After entering back where we parked, we hit the team store and took a lap around the ballpark. We then walked up into the aforementioned 2nd level bar area that is open to all fans and overlooks the field. This is also the same level as the suites and press box and anybody can walk up here on a mezzanine walkway and overlook the entry pavilions and field; it's a pretty interesting view you don't get to experience at many ballparks. On the way down, we found our food for the day at a standalone vendor in the right field corner - Phil had pork nachos, and I a giant burrito. We then swung around the concourse behind the outfield berm and headed to our seats after grabbing a couple $10 silos of Tecate. Our ticketed seats were about halfway up between 3rd and the left field pole, but about the 6th inning we headed for the comfort of the mezzanine bar and finished the game sitting about 30 feet from White Sox GM Kenny Williams.

The game pitted the two tenants of Camelback Ranch against each other for the 4th and final time of the spring, with Chicago designated as the "home" team. The Dodgers won behind a strong pitching performance by former Blue Jay and Cub hurler Ted Lilly. He gave up 2 over 6 with 5 K's, and his counterpart John Danks was a little wilder but still had an effective pitching line. Matt Kemp and Carlos Quentin both hit absolute bombs for their respective teams; Quentin's shot cleared the berm down the left field line. As we near the end of Spring Training, both teams ran most of their regulars out there and everyone got at least 3 at bats. We did get to see former Brewers Tony Gwynn Jr. and Gabe Kapler strap it on for LA. Gwynn was 0-2 with a run scored, and Gabe grounded into a double play in his only at bat. It was a slow and lazy ballgame, and both teams are having a pretty miserable spring, but still nothing beats weekday afternoon ball.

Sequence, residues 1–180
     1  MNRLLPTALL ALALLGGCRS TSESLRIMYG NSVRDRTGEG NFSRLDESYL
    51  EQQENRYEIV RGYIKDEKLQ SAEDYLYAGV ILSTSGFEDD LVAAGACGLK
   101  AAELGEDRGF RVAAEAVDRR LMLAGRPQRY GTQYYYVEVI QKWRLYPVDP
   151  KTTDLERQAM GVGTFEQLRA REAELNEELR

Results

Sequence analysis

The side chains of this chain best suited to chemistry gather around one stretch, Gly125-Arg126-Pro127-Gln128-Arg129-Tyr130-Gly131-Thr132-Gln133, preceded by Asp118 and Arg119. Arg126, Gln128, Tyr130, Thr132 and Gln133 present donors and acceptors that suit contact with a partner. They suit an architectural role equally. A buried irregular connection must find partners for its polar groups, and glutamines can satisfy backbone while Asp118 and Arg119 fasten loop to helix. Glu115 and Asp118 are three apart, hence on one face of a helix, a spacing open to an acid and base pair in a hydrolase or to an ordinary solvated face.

Following the game, we stopped at the nearby University of Phoenix Stadium where the NFL's Arizona Cardinals play, just to snap a few photos and see what Peter Eisenman's crazy ass was up to. We followed that up with a stop at another one of many Phoenix area locales featured on a food show - La Piazza al Forno of DDD fame. The pizza was delicious but I was not able to enjoy it fully because I was deathly ill by this point. When we got back to the hotel I made some signs to take to the Brewers game the next day, and then I took some Nyquil and passed out for about 12 hours. I felt 10 times better on Thursday and was ready to see the Brewers play the Angels in Tempe.

park rankings and statistics:
aesthetics - 7 (could have used some variety in color)
views from park - 4 (could see Univ. of Phx. Stadium from 2nd deck)
view to field - 8
surrounding area - 5 (downtown Glendale not far, Camelback Resort)
food variety - 6 (better than other 2 parks but still not great)
nachos - 8 (pork with burrito fixins)
beer - 7
vendor price - 6
ticket price - 6 ($17 for end sections)
atmosphere - 5 (crowds more lively at practice fields)
walk to park - 10 (assuming walk through grounds)
parking proximity - 9 (adjacent lot for free)
concourses - 8
team shop - 6 (two smaller ones)
complex - 10

best food - Sonoran Hot Dog
most unique stadium feature - practice field complex, mezzanine level bar
jumbotron - yes
best between-inning feature - giveaways

field dimensions - 345/410/345
starters - Ted Lilly (LAD) v. John Danks (CWS)
opponent - Los Angeles Dodgers
time of game - 3:03
attendance - 6037
score - 6-2 L
Brewers score that day - off

No comments: